What can parents do?

Get involved at the school and be supportive of staff. Look for the sensitive, flexible teachers and bribe them explain nicely why your child ought to be in their class. Help your older children advocate for themselves by helping them talk directly to teachers about concerns and needs. Access school counselors and former teachers who loved your youngster, so they can be advocates. If you run into lots of roadblocks, there are options. Explore acceleration, charter schools, private schools, micro schools, homeschooling, early graduation, early college, online classes, part-time school, and tutoring. Join an online parent support group. Fight for better funding for schools. Get enough massages, dark chocolate and sleep.

There are more tips for teachers in this post. More suggestions for parents are here.

Gifted children like Ben, Louise and Carmen are extremely curious, eager learners. They can appear to be ungifted when their sensitivities, intensities, divergent thinking and perfectionism are misunderstood. They can appear to be ungifted when they resist certain assignments, suffer from anxiety or depression and stop achieving.

Teachers who understand this and appreciate these children? Teachers who are sensitive, enthusiastic, kind, creative, smart, flexible and organized? Well, they will be a gifted kid’s dream. They will be loved beyond measure.

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To my bloggEEs: Tell us about your experiences with your kids or yourself in school. What challenges did you face? What successes? If you’re a teacher, let us know what it’s like for you. As always, thank you all for being here.


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The Contradictions Of Giftedness

Photo courtesy NASA, Unsplash

“Do I contradict myself? Very well, then I contradict myself. I am large. I contain multitudes.”     

It appears that Walt Whitman knew something about rainforest minds.

You are large. You contain multitudes.

But how do you live with your multitudinous-ness when other humans find you overwhelming. And when you find you overwhelming. How do you manage the contradictions of your youness? The anxieties that often come with the complexities? Your desire to create a better world?

Well, my darlings, pondering those questions is what this whole blog is about.

But today, in this post, I wonder about this:

You are large. You contain multitudes. But does anyone really see you?

Do you ache to be seen? To be known deeply? To connect with another human to feel that glorious sense of Known-ity?

I’m guessing that you do.

Here’s the rub.

If your capacity for learning and being is vast, then other humans may only be able to understand parts of you. Not that they aren’t trying. They may be trying. They just don’t have the capacity. They aren’t as large. They have fewer multitudes.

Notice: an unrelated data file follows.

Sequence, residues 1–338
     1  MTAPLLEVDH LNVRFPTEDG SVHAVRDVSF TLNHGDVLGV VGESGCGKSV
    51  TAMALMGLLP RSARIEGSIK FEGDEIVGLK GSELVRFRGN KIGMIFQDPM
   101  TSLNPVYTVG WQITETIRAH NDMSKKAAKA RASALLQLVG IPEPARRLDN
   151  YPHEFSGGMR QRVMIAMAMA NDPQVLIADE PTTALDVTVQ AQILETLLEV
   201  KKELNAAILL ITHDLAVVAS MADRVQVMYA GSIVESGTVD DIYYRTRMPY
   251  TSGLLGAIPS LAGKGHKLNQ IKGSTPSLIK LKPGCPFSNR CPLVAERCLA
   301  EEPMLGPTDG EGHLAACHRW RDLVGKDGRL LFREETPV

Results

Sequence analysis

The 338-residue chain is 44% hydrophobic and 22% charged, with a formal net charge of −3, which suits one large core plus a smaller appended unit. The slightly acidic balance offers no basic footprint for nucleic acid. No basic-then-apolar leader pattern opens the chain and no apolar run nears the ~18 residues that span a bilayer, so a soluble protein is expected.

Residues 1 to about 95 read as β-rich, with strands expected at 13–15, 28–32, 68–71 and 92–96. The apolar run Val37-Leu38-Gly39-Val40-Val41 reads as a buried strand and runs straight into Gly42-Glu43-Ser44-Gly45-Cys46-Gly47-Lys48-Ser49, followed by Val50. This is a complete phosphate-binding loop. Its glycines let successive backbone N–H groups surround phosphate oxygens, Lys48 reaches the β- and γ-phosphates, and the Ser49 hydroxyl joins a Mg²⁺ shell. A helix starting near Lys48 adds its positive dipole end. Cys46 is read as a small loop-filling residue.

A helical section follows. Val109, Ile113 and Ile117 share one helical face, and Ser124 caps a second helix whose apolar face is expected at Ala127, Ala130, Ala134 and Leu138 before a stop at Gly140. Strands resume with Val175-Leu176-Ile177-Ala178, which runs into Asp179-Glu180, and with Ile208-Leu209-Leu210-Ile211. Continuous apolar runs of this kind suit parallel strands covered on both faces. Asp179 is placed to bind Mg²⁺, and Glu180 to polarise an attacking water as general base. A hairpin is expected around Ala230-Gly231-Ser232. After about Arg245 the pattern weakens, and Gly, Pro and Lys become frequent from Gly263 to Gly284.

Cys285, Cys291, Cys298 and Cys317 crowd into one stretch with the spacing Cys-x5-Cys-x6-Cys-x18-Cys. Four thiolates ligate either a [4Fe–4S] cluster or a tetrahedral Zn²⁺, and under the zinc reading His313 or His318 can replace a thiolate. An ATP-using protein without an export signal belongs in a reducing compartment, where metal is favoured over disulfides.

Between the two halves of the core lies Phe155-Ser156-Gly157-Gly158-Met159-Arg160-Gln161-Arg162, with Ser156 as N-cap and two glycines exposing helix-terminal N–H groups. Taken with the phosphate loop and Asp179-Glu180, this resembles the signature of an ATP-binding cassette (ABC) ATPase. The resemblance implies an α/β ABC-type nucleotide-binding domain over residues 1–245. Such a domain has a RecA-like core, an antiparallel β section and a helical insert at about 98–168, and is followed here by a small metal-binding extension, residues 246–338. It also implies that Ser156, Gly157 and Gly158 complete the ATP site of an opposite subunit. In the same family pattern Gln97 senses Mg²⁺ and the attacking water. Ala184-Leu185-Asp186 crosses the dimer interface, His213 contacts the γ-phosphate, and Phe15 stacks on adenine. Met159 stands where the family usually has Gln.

For example: You may hunger to study contemporary art, post-modern philosophy, celestial navigation, leathercraft, multiple languages, permaculture, world religions, Argentine tango and rock climbing. Today. In your spare time. For fun.

Large.

You may have sensitivities and intuitions that take you to deeper dimensions. You may see and feel mysterious energies that open you to other realities. You may have an empathy that allows you to know and feel others’ emotions and needs. You may connect with a spirituality that doesn’t fit within the expected parameters.

Multitudes.

How does a person like you get seen? Met? Understood?

Two thoughts.

Thought number one: Find people who can grasp a few of your multitudes. Maybe you rock climb with Cynthia. Read Dostoevsky with Joshua. Discuss post-modern philosophy with Latisha. Tango with Alessandro. This is not ideal because I know that you want that one person who can be your everything. But the more multitudes you have, the harder that will be.

Thought number two: Find someone or something larger than yourself. You heard me. This might be a human. But it might be Nature; as in viewing the night sky or climbing Mt. Kilimanjaro or swimming with dolphins. It might be spiritual guides who speak to you through your writing or in your dreams or via the devas in your garden. It might be energies from an invisible reality or a parallel universe. It might be your very own Higher Self. It might be God.

One more thought.

Stop fighting with your Largess. Relax into your Multiplicity. When you feel like shrinking, don’t. Instead? Expand.

And be sure to contradict yourself. Daily.

Make Walt proud.

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To my bloggEEs:  Have you found ways to be seen and understood? Do you have a spiritual practice that helps you navigate your contradictions and complexities? We would love to hear from you. Many thanks to the clients who inspired this post.

This post is part of a blog hop from hoagiesgifted.org. For more lovely posts on this topic click on the image below.

 


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Tango With Your Despair

photo courtesy of Konstantin, Flickr, CC

photo courtesy of Konstantin, Flickr, CC

Despair.